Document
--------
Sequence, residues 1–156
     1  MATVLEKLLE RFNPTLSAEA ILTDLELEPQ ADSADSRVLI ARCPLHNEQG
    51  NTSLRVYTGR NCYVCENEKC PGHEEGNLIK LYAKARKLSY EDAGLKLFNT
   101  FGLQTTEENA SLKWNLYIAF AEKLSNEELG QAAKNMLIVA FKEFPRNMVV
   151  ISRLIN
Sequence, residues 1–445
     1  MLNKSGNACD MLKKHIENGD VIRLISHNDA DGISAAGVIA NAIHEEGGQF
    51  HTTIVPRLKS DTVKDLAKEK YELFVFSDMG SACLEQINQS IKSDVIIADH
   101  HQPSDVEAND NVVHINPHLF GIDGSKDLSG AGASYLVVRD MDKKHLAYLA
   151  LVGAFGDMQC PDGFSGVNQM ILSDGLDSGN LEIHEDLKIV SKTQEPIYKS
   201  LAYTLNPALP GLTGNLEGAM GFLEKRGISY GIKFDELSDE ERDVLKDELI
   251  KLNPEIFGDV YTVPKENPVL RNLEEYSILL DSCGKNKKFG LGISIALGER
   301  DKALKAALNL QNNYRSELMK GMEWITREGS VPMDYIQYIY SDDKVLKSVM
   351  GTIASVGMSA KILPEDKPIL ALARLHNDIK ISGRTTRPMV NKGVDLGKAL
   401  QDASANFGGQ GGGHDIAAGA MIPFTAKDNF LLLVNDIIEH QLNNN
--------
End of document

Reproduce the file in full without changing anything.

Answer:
Sequence, residues 1–156
     1  MATVLEKLLE RFNPTLSAEA ILTDLELEPQ ADSADSRVLI ARCPLHNEQG
    51  NTSLRVYTGR NCYVCENEKC PGHEEGNLIK LYAKARKLSY EDAGLKLFNT
   101  FGLQTTEENA SLKWNLYIAF AEKLSNEELG QAAKNMLIVA FKEFPRNMVV
   151  ISRLIN
Sequence, residues 1–445
     1  MLNKSGNACD MLKKHIENGD VIRLISHNDA DGISAAGVIA NAIHEEGGQF
    51  HTTIVPRLKS DTVKDLAKEK YELFVFSDMG SACLEQINQS IKSDVIIADH
   101  HQPSDVEAND NVVHINPHLF GIDGSKDLSG AGASYLVVRD MDKKHLAYLA
   151  LVGAFGDMQC PDGFSGVNQM ILSDGLDSGN LEIHEDLKIV SKTQEPIYKS
   201  LAYTLNPALP GLTGNLEGAM GFLEKRGISY GIKFDELSDE ERDVLKDELI
   251  KLNPEIFGDV YTVPKENPVL RNLEEYSILL DSCGKNKKFG LGISIALGER
   301  DKALKAALNL QNNYRSELMK GMEWITREGS VPMDYIQYIY SDDKVLKSVM
   351  GTIASVGMSA KILPEDKPIL ALARLHNDIK ISGRTTRPMV NKGVDLGKAL
   401  QDASANFGGQ GGGHDIAAGA MIPFTAKDNF LLLVNDIIEH QLNNN